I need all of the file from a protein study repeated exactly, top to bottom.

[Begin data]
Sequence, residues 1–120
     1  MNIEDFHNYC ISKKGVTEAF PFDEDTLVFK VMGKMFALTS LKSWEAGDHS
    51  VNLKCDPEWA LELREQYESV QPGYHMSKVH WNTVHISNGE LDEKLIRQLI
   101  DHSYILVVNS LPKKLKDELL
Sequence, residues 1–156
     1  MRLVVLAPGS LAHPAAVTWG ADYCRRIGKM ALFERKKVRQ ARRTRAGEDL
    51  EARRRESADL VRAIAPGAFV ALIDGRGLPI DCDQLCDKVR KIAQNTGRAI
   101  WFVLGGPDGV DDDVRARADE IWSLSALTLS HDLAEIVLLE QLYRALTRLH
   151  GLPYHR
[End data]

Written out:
Sequence, residues 1–120
     1  MNIEDFHNYC ISKKGVTEAF PFDEDTLVFK VMGKMFALTS LKSWEAGDHS
    51  VNLKCDPEWA LELREQYESV QPGYHMSKVH WNTVHISNGE LDEKLIRQLI
   101  DHSYILVVNS LPKKLKDELL
Sequence, residues 1–156
     1  MRLVVLAPGS LAHPAAVTWG ADYCRRIGKM ALFERKKVRQ ARRTRAGEDL
    51  EARRRESADL VRAIAPGAFV ALIDGRGLPI DCDQLCDKVR KIAQNTGRAI
   101  WFVLGGPDGV DDDVRARADE IWSLSALTLS HDLAEIVLLE QLYRALTRLH
   151  GLPYHR